In the development phase, you will review how well those best guess indexes are meeting the needs of your application. Just like any other development phase, this is the phase where you will be tweaking those indexes in your design when you realize they are not meeting your application data access requirements.

As you find your code is performing poorly you will add more indexes. Keep in mind indexes don’t come for free. The more indexes you have the more costly an INSERT, UPDATE and DELETE statement will be if it has to update a bunch of indexes. Therefore, create indexes for those queries in your application that are going to be run frequently. If you also have monthly or yearly queries that take a long time, possibly you can do without an index. Possibly you can create these indexes once a month, or year for these monthly/yearly processes. These are the kinds of decisions you need to make when you are developing indexes. You need to have well balanced indexes so your application performs acceptable most of the time for the frequently run queries. You need to make sure you do not have too many indexes that cause the INSERT, UPDATE, and DELETE statements to take a long time.

Once you are done with developing your application code, but prior to moving into user acceptance testing, you need to go back and review the indexes you have. Make sure all the indexes you created during your development phase are the ones that really made your queries run faster and they are not ones you created that provided little value. If you removed those useless indexes as you went along then you probably can omit this step. Another thing to do is verify that you don’t have any duplicate indexes. If you have duplicate indexes you are just wasting resources, both disk space and the cost of maintaining them over time. Here is a script, written by Paul Neilson, that can be used to identify those duplicates:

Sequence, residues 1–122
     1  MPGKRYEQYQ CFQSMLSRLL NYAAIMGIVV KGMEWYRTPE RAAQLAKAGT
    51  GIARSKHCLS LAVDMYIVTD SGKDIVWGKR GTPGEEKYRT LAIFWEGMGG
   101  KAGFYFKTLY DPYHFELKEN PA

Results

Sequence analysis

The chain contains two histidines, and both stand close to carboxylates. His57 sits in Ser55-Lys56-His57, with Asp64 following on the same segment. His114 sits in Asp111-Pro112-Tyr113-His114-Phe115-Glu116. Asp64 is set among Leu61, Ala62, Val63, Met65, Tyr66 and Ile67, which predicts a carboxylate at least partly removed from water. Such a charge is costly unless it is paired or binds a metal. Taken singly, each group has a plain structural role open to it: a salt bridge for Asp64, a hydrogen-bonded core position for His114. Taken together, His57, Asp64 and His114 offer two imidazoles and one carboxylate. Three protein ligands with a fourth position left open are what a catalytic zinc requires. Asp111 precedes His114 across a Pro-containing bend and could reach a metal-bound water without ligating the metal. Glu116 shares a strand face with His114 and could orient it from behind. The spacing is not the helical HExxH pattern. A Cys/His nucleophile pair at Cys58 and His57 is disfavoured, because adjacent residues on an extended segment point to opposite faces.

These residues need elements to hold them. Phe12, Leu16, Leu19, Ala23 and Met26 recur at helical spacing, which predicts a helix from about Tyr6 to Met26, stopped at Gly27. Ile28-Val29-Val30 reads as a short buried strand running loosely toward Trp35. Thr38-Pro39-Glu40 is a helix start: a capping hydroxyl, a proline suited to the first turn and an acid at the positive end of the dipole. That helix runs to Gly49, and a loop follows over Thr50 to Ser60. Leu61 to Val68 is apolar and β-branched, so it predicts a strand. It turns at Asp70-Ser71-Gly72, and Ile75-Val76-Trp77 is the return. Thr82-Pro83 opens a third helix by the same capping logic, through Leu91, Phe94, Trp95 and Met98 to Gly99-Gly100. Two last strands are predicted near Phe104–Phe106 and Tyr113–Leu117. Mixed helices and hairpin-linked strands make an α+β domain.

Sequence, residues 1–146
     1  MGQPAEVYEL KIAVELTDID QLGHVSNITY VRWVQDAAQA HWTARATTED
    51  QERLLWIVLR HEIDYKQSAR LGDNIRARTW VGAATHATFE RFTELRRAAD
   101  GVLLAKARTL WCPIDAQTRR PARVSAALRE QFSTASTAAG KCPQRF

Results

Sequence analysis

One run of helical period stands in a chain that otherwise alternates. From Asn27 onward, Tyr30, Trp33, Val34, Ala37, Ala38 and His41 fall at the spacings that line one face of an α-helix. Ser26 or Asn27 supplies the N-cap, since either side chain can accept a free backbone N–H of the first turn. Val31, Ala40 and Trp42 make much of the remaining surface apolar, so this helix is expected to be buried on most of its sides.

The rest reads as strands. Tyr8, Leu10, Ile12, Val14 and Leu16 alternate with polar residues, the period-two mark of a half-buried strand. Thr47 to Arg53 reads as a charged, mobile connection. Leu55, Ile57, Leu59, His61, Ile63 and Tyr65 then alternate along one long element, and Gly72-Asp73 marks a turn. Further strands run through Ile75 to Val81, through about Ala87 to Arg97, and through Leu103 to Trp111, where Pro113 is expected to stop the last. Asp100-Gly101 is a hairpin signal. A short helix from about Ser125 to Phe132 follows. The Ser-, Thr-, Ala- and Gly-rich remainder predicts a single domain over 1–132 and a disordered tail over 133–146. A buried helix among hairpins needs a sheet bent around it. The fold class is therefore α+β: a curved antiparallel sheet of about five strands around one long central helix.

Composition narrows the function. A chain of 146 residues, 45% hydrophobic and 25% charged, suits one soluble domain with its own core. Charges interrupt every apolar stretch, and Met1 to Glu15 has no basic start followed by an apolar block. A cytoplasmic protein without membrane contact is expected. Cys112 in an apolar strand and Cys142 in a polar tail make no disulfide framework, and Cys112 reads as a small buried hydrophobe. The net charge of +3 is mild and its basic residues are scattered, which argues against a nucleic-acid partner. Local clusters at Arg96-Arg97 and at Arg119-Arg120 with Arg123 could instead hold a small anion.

-- From Paul Neilson: http://sqlblog.com/blogs/paul_nielsen/archive/2008/06/25/find-duplicate-indexes.aspx
-- exact duplicates
with indexcols as
(
select object_id as id, index_id as indid, name,
(select case keyno when 0 then NULL else colid end as [data()]
from sys.sysindexkeys as k
where k.id = i.object_id
and k.indid = i.index_id
order by keyno, colid
for xml path('')) as cols,
(select case keyno when 0 then colid else NULL end as [data()]
from sys.sysindexkeys as k
where k.id = i.object_id
and k.indid = i.index_id
order by colid
for xml path('')) as inc
from sys.indexes as i
)
select
object_schema_name(c1.id) + '.' + object_name(c1.id) as 'table',
c1.name as 'index',
c2.name as 'exactduplicate'
from indexcols as c1
join indexcols as c2
on c1.id = c2.id
and c1.indid < c2.indid
and c1.cols = c2.cols
and c1.inc = c2.inc;

Acceptance Testing Phase:

Now that you have promoted your database and application code to the next level in the development lifecycle, you need to start reviewing those indexes you created. Hopefully, in this phase of your application development cycle you will have users actually trying out your application. They will be running your application code through its paces by testing those reports, and search capability you’ve built into your application. Having your testing staff use your application gives you an opportunity to now see which indexes are being used by real application usage.

One of the things you should consider doing in this phase is to monitor your index usage. Look at how often each index is being used. Pay particular attention to which indexes are being updated heavily. As part of this analysis, you should determine those indexes that are constantly being updated, and never used. For those indexes that are not being used but are being update, you might want to consider whether you need those indexes. In addition, for indexes that are being used and updated frequently you might want to review the FILLFACTOR to make sure it is appropriate, so that you don’t get too many page splits. You can use the Dynamic Management Views (DVM’s) that became available with SQL Server 2005 to find index usage information. Keep in mind this dynamic information is only collected since the last time SQL Server started, so it might not contain all of the statistics associated with indexes, especially those indexes that are infrequently used. Here is a sample script that shows you the index usage information for the AdventureWorks database.

USE AdventureWorks;
GO
-- Display Index Usage Information
-- Written By Gregory A. Larsen 
SELECT o.name Object_Name,
       SCHEMA_NAME(o.schema_id) Schema_name,